Eighty-six days after being taken from his Bejing home by police on suspicion of “picking quarrels and provoking troubles,” Guo Yushan is officially arrested and charged with “operating an illegal business”. Guo’s wife, Pan Haixia, posts her fourth letter to him online in his absence. Pan appears to have gained a sense of renewed fortitude from the endurance of others in similar situations, the support of friends and the online world that permits “people to express in solidarity with others”; an outlet that has also allowed Pan to share these extraordinary letters that will stand the test of time as part of her country’s historical record.
More than fifty days have passed since detained legal activist and scholar, Guo Yushan, was taken from his Beijing home. His wife, Pan Haixia, posts her third letter to him online in his absence.
Twenty days after the first letter to her husband, detained legal activist and scholar, Guo Yushan, Pan Haixia posted another exquisitely written follow-up letter to him online. In the time in between, Pan writes she is determined to honour Guo’s zest for life by not isolating herself: “I don’t want you to criticize me for indulging in self-pity” and “it would be unreasonable for me to act half-dead” when loved ones have been so supportive. Pan’s mood has become increasingly reflective, drawing on wisdom gained in moments past, as she finds herself embracing the philosophy that, “we little people all have an ultimate freedom that no one can take away: the freedom to choose the attitude with which we face our destinies.” She remains hopeful Guo will return home.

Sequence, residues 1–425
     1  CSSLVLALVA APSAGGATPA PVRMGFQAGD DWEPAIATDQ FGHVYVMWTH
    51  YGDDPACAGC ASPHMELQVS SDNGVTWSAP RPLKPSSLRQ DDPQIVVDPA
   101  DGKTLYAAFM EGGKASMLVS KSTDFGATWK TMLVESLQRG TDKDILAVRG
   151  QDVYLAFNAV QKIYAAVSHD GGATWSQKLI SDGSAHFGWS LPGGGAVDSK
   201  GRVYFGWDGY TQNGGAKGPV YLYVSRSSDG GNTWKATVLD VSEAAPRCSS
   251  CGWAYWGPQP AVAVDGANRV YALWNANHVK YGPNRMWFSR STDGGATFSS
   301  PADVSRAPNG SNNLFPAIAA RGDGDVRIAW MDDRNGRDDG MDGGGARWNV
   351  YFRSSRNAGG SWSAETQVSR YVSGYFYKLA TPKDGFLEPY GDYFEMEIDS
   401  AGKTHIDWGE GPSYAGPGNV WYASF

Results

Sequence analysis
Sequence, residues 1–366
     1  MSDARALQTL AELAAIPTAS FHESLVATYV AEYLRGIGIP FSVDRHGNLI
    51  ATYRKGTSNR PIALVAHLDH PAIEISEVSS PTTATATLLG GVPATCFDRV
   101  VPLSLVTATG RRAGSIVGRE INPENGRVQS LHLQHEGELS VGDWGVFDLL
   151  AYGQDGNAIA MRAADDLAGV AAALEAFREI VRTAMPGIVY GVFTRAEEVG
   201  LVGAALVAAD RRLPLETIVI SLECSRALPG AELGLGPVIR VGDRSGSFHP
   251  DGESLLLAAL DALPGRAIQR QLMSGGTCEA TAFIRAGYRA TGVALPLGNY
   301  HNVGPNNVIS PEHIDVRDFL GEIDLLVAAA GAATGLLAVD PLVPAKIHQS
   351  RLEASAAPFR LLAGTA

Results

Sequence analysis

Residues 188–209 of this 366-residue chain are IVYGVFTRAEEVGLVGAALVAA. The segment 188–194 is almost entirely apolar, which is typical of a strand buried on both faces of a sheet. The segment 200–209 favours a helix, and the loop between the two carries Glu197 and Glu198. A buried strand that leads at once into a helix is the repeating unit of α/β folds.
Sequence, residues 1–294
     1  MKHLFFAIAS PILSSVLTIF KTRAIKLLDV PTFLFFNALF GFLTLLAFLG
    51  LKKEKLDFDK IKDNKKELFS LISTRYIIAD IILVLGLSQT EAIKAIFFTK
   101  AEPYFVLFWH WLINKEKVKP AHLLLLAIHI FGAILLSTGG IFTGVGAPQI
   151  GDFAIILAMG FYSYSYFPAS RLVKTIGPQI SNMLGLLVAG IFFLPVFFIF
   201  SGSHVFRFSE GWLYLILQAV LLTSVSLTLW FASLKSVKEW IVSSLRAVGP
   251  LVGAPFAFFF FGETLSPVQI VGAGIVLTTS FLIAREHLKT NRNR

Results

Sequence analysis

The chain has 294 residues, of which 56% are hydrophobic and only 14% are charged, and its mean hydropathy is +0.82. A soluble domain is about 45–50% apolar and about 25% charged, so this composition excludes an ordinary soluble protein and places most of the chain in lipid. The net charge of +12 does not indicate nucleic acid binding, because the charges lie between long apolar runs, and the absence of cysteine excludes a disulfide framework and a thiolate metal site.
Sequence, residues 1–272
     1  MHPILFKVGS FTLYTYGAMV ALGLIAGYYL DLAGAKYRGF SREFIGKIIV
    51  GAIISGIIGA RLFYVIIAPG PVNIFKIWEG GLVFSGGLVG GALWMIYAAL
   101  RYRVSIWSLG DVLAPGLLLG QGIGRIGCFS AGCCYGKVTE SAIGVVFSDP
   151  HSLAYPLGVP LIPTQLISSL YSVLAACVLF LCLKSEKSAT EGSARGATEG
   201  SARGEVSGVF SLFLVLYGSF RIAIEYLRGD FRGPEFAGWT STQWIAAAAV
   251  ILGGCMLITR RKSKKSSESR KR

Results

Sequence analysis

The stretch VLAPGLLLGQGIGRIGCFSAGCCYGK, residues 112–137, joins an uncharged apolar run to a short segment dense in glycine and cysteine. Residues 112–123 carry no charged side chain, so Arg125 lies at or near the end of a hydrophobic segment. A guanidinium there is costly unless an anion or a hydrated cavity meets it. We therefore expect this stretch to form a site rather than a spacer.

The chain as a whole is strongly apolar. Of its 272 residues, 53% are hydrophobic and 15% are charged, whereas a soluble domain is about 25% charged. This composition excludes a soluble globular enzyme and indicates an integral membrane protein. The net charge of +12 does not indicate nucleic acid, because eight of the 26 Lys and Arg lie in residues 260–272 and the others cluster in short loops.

Pan Haixia, lawyer and the wife of economic scholar and influential think tank founder, Guo Yushan, posted a letter online that she wrote to her husband after he was taken from their suburban Beijing home by police officers on October 9, at around 2 a.m., on suspicion of “picking quarrels and provoking troubles” — a pretext used to silence China’s growing community of rights activists. Conflicted by the danger Guo’s activism brought to their doorstep, Pan’s heartrending words to Guo, to whom she wasn’t able to say ‘goodbye’, powerfully relate the torment activists and their families endure as targets of political persecution in China.